Friday, March 20, 2009

Either Way, They Got Some Crazy Little Women There

"Kansas City" alone is often ambiguous, and so I would not include it on a list of "dateline cities." For every person who thinks it's obvious that a reference with no state means the much larger one, in Missouri, there's probably, oh, I don't know, a third of a person who thinks it's obvious that it means the one in the eponymous state.

But here's an example of why the dateline-city thing, like all style guidelines, is only a guideline:
RAYTOWN, Mo. — Police say that the bodies of four people have been found in an apartment near Kansas City and that they suspect foul play. Police are trying to confirm the identities of the dead, including two preteen boys.

No need to say "Kansas City, Mo." when (a) we already know the suburb is in Missouri and (b) if it's near the one in Missouri, it's also near the one in Kansas.


Nick said...

At The Wichita Eagle, our style makes a clear distinction between "Kansas City" the metropolitan area and the dual Kansas Cities in Missouri and Kansas.

More often than not, when a local person talks about "Kansas City," they're talking about the sprawling metropolitan area generally, and not specifically about a municipality named Kansas City. When I say I'm going to visit my sister-in-law "in Kansas City," I'm actually planning a trip to Lenexa, Kan. If I'm planning a shopping trip "to Kansas City," I'll probably do a little shopping in Kansas City, Mo., Kansas City, Kan., and Leawood, Kan. When you're talking about Sprint headquarters "in Kansas City," you're really talking about the company's campus in Overland Park, Kan.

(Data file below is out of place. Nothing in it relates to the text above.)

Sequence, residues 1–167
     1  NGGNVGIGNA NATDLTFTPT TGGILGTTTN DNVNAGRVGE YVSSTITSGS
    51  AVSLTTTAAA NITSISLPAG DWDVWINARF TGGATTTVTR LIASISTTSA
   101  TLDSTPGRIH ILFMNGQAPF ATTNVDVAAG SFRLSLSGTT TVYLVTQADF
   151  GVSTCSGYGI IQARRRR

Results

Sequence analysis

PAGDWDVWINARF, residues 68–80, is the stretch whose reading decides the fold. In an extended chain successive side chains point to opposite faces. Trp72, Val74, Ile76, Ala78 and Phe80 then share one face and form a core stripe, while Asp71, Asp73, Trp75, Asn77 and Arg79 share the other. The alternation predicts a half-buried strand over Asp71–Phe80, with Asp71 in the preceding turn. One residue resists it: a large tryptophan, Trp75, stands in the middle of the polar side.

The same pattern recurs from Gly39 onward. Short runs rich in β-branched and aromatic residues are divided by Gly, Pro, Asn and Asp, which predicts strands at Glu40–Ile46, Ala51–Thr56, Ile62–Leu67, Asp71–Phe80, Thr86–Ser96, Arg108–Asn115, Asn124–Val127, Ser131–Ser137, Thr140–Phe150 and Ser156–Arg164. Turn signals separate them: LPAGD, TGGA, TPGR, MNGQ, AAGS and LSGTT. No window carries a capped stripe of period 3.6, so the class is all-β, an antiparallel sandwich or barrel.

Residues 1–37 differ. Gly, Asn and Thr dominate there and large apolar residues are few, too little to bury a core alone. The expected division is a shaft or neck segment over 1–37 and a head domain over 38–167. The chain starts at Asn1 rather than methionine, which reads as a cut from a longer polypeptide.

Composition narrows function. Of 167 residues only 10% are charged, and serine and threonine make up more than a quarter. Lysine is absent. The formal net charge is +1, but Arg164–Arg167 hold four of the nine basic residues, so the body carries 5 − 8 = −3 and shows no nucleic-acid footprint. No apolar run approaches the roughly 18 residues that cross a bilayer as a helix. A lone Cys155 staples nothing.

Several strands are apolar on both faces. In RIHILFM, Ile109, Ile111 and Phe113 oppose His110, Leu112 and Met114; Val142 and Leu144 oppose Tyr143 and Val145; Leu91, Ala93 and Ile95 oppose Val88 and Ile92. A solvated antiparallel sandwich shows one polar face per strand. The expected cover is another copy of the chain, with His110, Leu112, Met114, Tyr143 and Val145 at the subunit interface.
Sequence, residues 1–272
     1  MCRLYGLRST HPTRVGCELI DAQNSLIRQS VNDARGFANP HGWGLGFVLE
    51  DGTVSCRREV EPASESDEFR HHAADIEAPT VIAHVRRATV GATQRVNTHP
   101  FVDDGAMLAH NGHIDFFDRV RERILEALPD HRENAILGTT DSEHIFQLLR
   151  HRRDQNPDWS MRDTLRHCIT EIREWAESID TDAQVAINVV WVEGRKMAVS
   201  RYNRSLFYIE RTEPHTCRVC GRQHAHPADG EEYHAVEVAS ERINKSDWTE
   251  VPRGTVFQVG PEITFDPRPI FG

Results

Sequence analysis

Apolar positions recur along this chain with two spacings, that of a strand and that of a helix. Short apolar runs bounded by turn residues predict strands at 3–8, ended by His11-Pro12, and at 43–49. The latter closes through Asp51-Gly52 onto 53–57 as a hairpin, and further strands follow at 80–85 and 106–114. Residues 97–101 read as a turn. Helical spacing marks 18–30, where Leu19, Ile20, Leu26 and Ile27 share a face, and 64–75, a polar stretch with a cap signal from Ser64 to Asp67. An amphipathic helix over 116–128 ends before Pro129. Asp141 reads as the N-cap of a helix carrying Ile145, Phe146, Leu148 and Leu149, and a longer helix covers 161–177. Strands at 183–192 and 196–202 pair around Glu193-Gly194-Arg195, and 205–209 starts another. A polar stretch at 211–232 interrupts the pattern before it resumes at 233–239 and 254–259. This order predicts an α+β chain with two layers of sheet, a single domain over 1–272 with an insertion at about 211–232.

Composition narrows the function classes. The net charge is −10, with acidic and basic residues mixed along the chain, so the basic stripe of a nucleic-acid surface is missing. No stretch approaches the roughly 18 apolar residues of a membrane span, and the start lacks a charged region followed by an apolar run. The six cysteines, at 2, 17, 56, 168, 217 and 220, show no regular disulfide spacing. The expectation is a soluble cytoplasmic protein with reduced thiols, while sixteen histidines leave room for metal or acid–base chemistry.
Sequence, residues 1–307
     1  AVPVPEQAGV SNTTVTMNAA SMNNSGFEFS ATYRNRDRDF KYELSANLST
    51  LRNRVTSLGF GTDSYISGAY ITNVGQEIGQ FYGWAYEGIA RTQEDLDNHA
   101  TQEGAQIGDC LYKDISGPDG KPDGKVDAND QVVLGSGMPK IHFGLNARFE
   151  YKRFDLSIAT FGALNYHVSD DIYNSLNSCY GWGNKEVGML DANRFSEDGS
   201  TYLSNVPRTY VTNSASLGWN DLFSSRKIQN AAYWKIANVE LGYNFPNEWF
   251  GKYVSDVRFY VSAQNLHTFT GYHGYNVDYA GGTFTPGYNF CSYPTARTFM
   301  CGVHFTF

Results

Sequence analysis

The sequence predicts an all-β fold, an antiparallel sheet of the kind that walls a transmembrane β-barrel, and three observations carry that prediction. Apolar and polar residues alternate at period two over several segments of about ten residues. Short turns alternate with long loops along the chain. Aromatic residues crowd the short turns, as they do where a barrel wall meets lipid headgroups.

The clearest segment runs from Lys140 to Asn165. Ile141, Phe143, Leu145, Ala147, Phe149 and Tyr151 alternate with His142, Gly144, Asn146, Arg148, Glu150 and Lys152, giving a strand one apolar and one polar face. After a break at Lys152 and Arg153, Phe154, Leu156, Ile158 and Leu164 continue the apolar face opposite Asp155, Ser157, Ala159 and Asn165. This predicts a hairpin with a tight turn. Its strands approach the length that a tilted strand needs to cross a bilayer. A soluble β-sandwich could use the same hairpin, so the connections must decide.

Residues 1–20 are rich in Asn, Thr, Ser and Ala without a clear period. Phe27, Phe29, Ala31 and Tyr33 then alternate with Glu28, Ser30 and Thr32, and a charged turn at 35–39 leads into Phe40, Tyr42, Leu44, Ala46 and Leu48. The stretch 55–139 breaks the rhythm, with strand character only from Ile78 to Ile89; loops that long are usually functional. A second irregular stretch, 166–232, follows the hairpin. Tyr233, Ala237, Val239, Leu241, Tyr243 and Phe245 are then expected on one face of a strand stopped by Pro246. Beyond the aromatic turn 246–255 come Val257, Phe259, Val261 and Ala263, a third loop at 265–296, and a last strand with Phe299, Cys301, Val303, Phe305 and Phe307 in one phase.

Long story short, outside of datelines, there's often _no need_ to add the state to Kansas City. It is one place that happens to straddle two states.

Bill said...

What he said.

J.A.Young said...

But what about Las Vegas, New Mexico?

Bill said...

Ha. I remember when the existence of that New Mexico town led some to justify "Las Vegas, Nevada, gambling" in the name of AP style.

JD (The Engine Room) said...

Might be a stupid question, but what's a dateline city?

Bill said...

A dateline city is one that isn't supposed to be routinely accompanied by its state or country. Whereas it's "Lyon, France," it's "Paris." Whereas it's "Rochester, N.Y.," it's just "New York" for the city.

Unknown said...

Is there a list of such cities without states/countries? Is this like one word people like Madonna or Prince?
What about Paris, Kentucky?
Also, I agree with Nick.

Roy said...

I no longer care. Of course, I don't write news articles, but when speaking or writing to people who are not from around here, I just say Kansas City. If they are savvy enough to wonder, I explain. For Kansas Citians, I add the state when I mean Kansas City, Kansas. Seems to work.

I just thought of something. If you Google "kansas city" on Google Maps, up pops the map for Kansas City, MO. Whatever that implies.